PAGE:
Bountiful Baskets Food Co-op is a nonprofit started in Arizona in May 2006 by Sally Stevens and Tanya Jolly. It is, as the name suggests, a food cooperative, but with a twist: It's Internet-based. Individually, the women had operated small co-ops, their website says, but they wanted to think bigger and expand the purchasing benefit to more people who would be getting more quality fruits, vegetables and other good foods. They realized that the Internet was the way to accomplish this, and they set up an online ordering website which has helped the co-op grow, largely by word-of-mouth, to include 21 states.

Watch your language

tiful Baskets.

The online experience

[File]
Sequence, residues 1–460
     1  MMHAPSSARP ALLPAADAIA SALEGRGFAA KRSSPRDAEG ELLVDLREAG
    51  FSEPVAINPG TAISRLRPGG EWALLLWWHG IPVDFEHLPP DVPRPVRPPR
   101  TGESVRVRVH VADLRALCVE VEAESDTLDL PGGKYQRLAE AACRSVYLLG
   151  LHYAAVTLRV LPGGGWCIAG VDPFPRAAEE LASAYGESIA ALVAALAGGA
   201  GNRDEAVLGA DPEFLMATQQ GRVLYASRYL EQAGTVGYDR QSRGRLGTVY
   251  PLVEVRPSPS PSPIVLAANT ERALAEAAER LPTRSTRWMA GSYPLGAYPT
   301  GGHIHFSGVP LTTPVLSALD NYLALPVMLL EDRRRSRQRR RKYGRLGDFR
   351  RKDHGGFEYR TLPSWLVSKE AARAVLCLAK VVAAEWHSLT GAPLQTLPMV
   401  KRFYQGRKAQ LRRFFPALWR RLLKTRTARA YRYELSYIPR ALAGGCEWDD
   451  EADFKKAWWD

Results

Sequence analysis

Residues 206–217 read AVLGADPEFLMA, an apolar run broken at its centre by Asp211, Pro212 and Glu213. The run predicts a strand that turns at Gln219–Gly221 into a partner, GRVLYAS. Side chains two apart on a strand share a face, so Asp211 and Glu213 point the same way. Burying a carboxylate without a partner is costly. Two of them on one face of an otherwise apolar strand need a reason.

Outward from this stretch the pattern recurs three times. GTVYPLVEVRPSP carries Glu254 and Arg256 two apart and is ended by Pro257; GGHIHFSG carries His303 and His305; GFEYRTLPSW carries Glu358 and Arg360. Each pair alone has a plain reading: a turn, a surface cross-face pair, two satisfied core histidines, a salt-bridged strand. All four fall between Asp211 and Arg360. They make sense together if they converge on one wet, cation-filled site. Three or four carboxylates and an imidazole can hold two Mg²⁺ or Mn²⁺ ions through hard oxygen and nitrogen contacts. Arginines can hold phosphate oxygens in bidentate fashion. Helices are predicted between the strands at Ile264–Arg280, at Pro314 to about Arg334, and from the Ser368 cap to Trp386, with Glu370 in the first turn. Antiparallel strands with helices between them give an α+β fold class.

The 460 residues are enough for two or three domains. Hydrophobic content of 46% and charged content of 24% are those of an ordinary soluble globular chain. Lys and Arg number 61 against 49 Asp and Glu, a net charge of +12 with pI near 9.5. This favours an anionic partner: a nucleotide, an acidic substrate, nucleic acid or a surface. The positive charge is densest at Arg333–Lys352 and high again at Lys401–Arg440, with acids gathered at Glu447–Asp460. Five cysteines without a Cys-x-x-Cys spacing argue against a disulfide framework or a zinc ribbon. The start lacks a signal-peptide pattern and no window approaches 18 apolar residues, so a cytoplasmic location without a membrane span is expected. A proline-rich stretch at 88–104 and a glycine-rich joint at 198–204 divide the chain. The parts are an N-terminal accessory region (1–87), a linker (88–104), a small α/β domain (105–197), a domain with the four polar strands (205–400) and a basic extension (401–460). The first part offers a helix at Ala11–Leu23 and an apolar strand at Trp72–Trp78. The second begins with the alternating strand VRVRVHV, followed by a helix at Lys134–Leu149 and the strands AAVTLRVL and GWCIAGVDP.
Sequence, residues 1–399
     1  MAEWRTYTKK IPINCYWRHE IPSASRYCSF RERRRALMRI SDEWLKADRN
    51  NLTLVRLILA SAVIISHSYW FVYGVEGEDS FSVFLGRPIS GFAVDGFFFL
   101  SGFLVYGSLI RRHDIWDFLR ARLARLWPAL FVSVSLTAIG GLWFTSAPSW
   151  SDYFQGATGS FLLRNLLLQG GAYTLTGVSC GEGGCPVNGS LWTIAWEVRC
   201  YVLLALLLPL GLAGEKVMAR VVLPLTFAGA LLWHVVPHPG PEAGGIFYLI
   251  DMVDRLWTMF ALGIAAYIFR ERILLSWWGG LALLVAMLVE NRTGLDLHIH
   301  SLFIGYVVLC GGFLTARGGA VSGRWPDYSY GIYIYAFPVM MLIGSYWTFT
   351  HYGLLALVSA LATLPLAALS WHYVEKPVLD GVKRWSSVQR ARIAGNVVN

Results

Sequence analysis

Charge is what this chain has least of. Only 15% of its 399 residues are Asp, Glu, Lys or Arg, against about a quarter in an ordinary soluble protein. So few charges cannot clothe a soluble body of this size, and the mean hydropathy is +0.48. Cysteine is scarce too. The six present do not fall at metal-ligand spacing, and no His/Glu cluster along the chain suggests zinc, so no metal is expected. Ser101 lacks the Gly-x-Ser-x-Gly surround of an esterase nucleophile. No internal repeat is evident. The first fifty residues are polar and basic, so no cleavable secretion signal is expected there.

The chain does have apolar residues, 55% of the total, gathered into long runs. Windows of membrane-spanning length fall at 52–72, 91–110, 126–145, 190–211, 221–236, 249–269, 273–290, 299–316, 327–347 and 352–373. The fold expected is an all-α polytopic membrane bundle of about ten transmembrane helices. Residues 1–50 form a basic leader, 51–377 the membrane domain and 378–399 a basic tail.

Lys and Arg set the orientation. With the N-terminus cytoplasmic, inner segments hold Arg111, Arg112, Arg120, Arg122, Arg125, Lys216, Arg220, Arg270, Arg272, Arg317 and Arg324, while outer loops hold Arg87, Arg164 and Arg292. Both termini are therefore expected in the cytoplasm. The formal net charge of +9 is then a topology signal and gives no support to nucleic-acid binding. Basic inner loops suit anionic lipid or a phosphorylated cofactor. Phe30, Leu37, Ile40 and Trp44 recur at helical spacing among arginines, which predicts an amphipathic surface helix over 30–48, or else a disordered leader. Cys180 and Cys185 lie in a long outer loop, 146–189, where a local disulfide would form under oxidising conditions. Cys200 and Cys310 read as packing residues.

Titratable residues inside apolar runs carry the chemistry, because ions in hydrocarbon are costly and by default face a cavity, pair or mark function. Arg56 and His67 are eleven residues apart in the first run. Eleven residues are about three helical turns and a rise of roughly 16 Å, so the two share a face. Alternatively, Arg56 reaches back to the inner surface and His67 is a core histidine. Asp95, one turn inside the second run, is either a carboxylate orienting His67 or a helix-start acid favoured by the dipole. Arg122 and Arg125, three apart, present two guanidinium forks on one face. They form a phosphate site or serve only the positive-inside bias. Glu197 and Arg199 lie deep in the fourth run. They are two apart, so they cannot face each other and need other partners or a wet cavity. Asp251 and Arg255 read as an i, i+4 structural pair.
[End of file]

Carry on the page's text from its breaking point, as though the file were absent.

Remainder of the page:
All ordering (and I refuse to say contributing here — it is my article) is done online, and all payment is made online at the time of ordering. If you aren't comfortable with the whole online thing, find someone to partner with who is. For now, we have to assume that you are willing and able to jump into the deep end of the online experience. It really wasn't that bad. The website has long web pages of explanations, descriptions and rules, but once I got past the language barrier and forced myself to read all the text (which I fondly thought of as the blah-blahblah), I clearly understood what I needed to do and what was expected of me. And since I read all this after I ran into my first problems trying to just jump in there and wing it, I suggest doing the reading before ordering, or trying to order as in my case. Start, logically, with the "New Participant Instruction" page — which, by the way, explains why you don't see links named "online store," "catalog" or "shop" to take you to the food ordering page. For those people who are nervous about using a credit card online, I can only offer this assurance: The co-op has been in business more than six years, and I haven't read anything in the business news about them being hacked. So there's that comfort.